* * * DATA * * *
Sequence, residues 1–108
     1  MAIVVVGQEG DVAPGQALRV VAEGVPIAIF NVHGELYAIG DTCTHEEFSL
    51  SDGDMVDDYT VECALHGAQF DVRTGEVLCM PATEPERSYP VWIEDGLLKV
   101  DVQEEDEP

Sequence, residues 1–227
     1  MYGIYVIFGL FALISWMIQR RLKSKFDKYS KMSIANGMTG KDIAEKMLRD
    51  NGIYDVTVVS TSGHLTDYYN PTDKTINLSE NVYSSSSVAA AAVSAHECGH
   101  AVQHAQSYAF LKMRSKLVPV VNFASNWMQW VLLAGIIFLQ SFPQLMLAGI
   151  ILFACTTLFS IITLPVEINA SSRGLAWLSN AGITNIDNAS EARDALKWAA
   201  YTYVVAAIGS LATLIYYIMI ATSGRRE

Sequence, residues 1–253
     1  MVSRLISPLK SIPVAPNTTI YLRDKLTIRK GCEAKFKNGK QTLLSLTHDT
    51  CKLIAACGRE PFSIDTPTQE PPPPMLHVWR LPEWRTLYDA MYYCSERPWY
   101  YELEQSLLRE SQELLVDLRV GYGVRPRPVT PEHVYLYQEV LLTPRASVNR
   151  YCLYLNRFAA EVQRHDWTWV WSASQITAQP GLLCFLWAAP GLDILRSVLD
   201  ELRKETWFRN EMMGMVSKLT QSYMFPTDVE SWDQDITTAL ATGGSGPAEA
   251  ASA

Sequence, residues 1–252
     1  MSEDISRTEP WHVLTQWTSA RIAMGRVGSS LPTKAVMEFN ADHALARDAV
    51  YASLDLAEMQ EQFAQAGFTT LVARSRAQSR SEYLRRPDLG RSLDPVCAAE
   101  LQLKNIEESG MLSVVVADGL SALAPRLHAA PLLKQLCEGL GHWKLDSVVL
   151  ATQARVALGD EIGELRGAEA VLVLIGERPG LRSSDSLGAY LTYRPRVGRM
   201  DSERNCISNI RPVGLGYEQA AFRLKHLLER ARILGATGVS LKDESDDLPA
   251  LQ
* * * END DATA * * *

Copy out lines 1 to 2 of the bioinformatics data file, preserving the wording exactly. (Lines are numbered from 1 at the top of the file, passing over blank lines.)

Sequence, residues 1–108
     1  MAIVVVGQEG DVAPGQALRV VAEGVPIAIF NVHGELYAIG DTCTHEEFSL